Can Nature Help Improve Mood and Decrease Anxiety?
Researchers found that participants who spent time in a forested area or an urban park or woodland had much less anxiety, felt less tension, and had much brighter moods than those who were walking around in an urban setting.
And while the Stanford study zeroed in on how walking in nature affects rumination, which has been linked to depression and anxiety, one meta-analysis out of the University of Derby in England found that people who feel more connected to nature have greater eudaimonic well-being—a type of contentment that goes beyond just feeling good and includes having meaningful purpose in life.
According to Biros, “Studies such as these have given rise to the nascent field of ecotherapy, also called nature therapy, which involves being in nature in order to boost mental health.”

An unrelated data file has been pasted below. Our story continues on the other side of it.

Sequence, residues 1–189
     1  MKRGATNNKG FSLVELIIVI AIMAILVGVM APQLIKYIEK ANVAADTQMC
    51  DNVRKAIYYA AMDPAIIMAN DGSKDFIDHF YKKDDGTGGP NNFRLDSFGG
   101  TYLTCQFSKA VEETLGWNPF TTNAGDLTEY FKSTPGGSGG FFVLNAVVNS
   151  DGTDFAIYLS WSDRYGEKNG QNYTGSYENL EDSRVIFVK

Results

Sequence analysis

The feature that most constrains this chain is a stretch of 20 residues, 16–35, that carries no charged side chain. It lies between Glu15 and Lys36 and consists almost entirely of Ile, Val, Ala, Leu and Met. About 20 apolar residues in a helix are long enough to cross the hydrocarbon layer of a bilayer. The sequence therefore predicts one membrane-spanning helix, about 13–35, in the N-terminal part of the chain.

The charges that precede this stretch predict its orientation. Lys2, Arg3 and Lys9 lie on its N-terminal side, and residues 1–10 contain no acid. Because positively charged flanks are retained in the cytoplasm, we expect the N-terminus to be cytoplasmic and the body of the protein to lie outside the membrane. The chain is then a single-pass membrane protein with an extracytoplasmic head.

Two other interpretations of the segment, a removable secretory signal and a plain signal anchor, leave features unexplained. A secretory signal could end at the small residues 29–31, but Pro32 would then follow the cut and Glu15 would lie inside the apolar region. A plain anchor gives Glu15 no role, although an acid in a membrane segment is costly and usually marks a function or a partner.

“Ecotherapy can take many forms, including animal-assisted interventions, farming activities, and exercising outdoors,” she adds. “All of these contribute to reduced anxiety and depression by focusing on the symbiotic relationship between the person and nature.“
What Is Nature Deficit Disorder?
The term “nature-deficit disorder” was coined by journalist Richard Louv, author of the book Last Child in the Woods: Saving Our Children from Nature-Deficit Disorder.
His book examines the human costs of alienation from nature.